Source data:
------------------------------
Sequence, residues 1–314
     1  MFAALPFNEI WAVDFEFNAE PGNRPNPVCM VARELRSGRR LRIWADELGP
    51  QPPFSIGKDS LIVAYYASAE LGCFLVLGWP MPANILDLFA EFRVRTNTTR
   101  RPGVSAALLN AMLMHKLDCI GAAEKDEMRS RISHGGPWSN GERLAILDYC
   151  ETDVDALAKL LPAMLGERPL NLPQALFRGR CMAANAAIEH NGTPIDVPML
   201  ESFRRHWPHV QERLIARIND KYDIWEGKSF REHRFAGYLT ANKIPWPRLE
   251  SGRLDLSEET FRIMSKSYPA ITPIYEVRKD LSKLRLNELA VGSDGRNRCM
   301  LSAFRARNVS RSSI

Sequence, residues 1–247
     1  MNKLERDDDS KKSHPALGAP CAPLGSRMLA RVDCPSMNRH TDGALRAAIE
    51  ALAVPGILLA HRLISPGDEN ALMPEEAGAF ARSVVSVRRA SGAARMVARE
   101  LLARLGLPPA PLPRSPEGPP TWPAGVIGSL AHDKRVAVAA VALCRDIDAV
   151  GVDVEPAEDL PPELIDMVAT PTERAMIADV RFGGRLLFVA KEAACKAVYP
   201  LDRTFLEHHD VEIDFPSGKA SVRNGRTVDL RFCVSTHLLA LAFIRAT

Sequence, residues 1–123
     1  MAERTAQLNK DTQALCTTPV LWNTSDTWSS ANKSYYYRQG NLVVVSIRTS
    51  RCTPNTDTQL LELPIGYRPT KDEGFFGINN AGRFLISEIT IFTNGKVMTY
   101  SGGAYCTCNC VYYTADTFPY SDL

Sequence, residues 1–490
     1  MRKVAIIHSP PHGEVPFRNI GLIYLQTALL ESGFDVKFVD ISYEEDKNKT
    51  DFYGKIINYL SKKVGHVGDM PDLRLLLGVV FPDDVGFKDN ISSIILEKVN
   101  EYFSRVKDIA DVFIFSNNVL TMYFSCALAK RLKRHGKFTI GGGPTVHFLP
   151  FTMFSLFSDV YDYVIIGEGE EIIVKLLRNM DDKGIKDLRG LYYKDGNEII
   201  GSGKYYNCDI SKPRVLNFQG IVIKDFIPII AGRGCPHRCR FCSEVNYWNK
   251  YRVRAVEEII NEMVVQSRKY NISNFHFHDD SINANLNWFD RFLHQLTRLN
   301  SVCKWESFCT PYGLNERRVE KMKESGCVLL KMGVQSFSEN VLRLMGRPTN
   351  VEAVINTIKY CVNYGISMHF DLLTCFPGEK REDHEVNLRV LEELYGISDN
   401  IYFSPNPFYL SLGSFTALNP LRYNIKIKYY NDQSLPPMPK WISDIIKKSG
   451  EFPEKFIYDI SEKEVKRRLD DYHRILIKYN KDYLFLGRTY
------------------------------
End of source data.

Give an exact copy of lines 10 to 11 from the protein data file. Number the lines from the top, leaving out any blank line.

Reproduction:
     1  MNKLERDDDS KKSHPALGAP CAPLGSRMLA RVDCPSMNRH TDGALRAAIE
    51  ALAVPGILLA HRLISPGDEN ALMPEEAGAF ARSVVSVRRA SGAARMVARE